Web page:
SAN FRANCISCO — Facebook said it could face a fine of up to $5 billion as the result of an investigation by the Federal Trade Commission. The agency has been investigating Facebook for possible privacy violations, but has not announced any findings yet.
The company set aside $3 billion in its quarterly earnings report Wednesday as a contingency against the possible penalty.
The one-time charge slashed Facebook’s first-quarter net income considerably, although revenue grew by 25% in the period. The FTC has been looking into whether Facebook broke its own 2011 agreement promising to protect user privacy.
Investors shrugged off the charge and sent the company’s stock up nearly 5% to $190.89 in after-hours trading.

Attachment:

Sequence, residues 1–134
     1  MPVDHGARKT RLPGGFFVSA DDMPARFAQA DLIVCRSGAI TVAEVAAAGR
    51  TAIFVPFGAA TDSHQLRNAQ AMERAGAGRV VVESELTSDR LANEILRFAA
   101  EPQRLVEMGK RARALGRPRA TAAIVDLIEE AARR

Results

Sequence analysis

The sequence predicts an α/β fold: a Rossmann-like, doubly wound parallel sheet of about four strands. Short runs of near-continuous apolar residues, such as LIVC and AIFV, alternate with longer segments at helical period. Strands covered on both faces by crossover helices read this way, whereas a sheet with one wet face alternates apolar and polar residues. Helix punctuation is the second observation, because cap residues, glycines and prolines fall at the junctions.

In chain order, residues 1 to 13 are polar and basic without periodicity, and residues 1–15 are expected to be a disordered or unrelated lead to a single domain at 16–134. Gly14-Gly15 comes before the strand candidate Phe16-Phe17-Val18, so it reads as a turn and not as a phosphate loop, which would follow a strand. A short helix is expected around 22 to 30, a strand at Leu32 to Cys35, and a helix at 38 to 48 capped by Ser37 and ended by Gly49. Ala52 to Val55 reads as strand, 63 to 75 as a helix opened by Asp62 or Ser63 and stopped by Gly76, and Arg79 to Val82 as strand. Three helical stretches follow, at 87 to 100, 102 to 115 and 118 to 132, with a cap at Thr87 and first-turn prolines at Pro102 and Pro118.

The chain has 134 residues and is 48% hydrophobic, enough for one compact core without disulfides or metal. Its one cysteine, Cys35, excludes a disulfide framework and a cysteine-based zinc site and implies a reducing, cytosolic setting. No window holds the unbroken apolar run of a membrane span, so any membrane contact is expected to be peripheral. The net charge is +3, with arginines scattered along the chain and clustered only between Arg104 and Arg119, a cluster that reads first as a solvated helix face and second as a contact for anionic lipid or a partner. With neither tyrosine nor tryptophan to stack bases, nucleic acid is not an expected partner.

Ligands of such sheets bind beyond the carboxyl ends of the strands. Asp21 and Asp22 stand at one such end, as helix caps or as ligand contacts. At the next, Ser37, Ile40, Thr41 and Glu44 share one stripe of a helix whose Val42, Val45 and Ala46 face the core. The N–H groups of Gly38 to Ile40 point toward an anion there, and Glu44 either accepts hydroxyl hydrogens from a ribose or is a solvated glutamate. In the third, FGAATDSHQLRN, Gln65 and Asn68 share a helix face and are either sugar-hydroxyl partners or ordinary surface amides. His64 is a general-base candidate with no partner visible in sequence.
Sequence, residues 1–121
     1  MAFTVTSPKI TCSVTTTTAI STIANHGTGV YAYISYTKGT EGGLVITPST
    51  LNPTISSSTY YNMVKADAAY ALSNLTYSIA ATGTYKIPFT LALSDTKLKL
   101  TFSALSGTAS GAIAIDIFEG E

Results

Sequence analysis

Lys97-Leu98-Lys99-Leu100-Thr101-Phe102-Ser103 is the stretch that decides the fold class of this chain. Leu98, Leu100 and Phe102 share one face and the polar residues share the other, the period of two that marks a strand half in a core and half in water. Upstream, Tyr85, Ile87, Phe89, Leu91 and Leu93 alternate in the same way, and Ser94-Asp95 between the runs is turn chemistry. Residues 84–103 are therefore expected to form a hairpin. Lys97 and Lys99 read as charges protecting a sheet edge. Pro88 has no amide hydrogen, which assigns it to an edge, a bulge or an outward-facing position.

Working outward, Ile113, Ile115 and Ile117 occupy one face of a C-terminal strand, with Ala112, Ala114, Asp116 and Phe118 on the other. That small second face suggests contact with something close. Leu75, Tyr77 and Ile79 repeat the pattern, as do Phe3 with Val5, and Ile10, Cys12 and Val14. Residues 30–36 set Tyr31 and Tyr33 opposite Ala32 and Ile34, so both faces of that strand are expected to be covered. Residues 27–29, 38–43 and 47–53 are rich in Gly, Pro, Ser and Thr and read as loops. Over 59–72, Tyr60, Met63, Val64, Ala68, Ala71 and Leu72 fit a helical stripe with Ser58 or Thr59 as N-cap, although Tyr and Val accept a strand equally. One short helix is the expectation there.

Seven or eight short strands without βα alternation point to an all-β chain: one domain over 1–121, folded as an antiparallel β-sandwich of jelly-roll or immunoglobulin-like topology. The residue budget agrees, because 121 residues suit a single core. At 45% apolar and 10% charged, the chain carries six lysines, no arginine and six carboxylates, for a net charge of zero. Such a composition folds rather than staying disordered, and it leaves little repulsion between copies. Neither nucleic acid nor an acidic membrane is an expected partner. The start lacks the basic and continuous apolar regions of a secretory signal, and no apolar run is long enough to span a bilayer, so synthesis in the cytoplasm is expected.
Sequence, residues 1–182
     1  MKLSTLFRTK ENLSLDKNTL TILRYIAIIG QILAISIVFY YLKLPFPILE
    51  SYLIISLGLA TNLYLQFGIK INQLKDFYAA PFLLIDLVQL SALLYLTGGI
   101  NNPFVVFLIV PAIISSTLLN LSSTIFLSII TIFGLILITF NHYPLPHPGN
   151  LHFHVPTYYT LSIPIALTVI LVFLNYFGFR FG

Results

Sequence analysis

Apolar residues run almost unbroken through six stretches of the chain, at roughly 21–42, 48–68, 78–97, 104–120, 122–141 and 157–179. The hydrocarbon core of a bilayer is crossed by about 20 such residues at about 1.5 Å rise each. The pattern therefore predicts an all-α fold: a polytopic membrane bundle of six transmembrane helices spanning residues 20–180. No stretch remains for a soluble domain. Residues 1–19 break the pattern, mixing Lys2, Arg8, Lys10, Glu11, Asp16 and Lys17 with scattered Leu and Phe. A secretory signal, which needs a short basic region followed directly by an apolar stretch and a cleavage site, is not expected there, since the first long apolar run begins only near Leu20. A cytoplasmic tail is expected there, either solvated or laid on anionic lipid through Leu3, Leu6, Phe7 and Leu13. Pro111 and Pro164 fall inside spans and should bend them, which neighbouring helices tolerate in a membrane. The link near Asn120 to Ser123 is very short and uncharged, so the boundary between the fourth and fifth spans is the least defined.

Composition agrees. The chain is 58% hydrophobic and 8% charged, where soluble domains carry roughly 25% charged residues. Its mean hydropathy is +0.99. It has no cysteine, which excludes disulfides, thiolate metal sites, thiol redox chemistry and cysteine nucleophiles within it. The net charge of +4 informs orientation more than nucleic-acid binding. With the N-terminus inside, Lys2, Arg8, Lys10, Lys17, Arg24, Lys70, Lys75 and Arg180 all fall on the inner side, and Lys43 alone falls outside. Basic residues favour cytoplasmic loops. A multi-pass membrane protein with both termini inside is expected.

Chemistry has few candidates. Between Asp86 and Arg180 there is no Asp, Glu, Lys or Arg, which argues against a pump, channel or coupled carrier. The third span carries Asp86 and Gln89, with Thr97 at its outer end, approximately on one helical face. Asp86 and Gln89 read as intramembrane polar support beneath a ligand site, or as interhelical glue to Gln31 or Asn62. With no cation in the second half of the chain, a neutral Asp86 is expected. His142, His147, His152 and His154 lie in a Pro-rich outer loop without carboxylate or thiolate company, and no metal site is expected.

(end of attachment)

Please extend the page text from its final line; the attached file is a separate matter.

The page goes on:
Facebook has had several high-profile privacy lapses in the past couple of years. The FTC has been looking into Facebook’s involvement with the data-mining firm Cambridge Analytica scandal since last March. That company accessed the data of as many as 87 million Facebook users without their consent.
The social network said Wednesday that its net income was $2.43 billion, or 85 cents per share in the January-March period. That’s down 51% from $4.99 billion, or $1.69 per share, a year earlier, largely as a result of the $3 billion charge.
Revenue grew 26% to $15.08 billion from a year earlier. Excluding the charge, Facebook earned $1.89 per share.
Analysts polled by FactSet expected earnings of $1.62 per share and revenue of $14.98 billion.
Facebook’s monthly user base grew 8% to 2.38 billion. Daily users grew 8% to 1.56 billion.
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